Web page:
Article content continued
Even its detractors acknowledge that short selling, in a normal environment, helps the markets to question conventional wisdom. But a sharper complaint, usually heard from targets, is that short-sellers acting together to sow FUD (fear, uncertainty and doubt) about a company’s accounting or financial position can become a self-fulfilling prophecy. In the past, investors such as Chanos have moved markets just by revealing a bet against a particular company.
Chanos happily concedes that he talks frequently to other short-sellers. He shorted Luckin Coffee, once touted as China’s answer to Starbucks, after Carson Block of Muddy Waters encouraged him to look at it. (The company is now being investigated for accounting fraud.) But it’s “a myth” that short-sellers act together, he tells me from Prime 112’s private room. “If there were conspiracies, we’d be in something much more profitable than short selling.”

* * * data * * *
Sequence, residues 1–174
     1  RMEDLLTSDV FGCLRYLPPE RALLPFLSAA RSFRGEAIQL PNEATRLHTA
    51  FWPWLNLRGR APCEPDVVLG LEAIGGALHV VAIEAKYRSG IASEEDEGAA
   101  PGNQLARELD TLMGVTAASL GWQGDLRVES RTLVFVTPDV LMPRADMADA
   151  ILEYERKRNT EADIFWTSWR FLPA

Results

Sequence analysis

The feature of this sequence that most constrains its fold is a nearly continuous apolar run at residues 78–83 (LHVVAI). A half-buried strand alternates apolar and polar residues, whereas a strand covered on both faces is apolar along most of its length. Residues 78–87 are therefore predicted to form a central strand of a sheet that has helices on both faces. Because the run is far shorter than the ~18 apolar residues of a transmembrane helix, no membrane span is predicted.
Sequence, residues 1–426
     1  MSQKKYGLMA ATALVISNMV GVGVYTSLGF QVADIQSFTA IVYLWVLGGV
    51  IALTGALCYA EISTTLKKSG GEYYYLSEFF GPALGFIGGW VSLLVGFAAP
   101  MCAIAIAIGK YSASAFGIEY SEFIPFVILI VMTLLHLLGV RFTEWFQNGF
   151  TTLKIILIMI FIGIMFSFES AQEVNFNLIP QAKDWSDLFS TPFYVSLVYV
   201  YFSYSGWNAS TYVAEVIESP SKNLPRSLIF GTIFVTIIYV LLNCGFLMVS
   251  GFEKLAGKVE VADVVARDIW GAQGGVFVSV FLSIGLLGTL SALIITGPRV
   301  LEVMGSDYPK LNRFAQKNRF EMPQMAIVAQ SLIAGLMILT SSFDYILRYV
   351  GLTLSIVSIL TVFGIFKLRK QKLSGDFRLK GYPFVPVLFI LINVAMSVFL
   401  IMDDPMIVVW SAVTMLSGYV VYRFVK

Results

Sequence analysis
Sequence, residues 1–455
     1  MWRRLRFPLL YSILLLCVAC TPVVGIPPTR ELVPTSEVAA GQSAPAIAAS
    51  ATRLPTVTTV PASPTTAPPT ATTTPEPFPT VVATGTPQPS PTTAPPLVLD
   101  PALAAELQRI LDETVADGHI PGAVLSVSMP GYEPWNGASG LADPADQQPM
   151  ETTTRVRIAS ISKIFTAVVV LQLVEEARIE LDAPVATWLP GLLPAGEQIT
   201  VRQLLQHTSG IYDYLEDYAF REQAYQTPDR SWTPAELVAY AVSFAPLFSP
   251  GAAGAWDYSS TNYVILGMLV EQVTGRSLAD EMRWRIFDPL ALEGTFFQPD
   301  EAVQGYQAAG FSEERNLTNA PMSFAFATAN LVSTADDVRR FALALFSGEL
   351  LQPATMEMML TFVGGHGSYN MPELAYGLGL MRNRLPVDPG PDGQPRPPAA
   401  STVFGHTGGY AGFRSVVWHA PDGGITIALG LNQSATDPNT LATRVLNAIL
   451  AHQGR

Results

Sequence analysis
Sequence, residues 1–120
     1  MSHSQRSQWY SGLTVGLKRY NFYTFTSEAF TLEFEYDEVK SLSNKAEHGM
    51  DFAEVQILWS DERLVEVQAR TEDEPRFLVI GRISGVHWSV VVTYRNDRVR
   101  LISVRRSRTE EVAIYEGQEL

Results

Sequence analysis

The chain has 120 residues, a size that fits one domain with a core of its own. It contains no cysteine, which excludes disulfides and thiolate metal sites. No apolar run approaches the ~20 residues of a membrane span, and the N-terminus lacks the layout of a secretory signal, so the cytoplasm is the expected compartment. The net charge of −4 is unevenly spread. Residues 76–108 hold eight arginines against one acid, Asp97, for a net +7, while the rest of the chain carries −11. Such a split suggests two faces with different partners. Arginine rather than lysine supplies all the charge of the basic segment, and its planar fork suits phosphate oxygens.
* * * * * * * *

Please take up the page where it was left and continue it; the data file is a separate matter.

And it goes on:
I mention Canadian insurer Fairfax Financial Holdings Ltd. It sued a group of hedge funds, including those run by Chanos, Dan Loeb and Steve Cohen, for allegedly driving down its stock under a short selling scheme. “That was the perception, but it wasn’t true,” says Chanos. “The case was thrown out (in 2018) on jurisdictional grounds. Our allegation was that the company was overstating their earnings, and during the process they restated their earnings.”
Chanos’s hedge fund manager Kynikos Associates Ltd. is named after the ancient Greek word for “cynic”. His pitch is that he can identify corporate disasters-in-the-making. The New York-based outfit employs 20 people and has US$1.5 billion in assets under management. Chanos also teaches a course on the history of financial fraud (“how to detect it, not how to commit it”, he quips) at Yale University, his alma mater. The syllabus stretches back to the 17th century. Today, he says, “we are in the golden age of fraud”.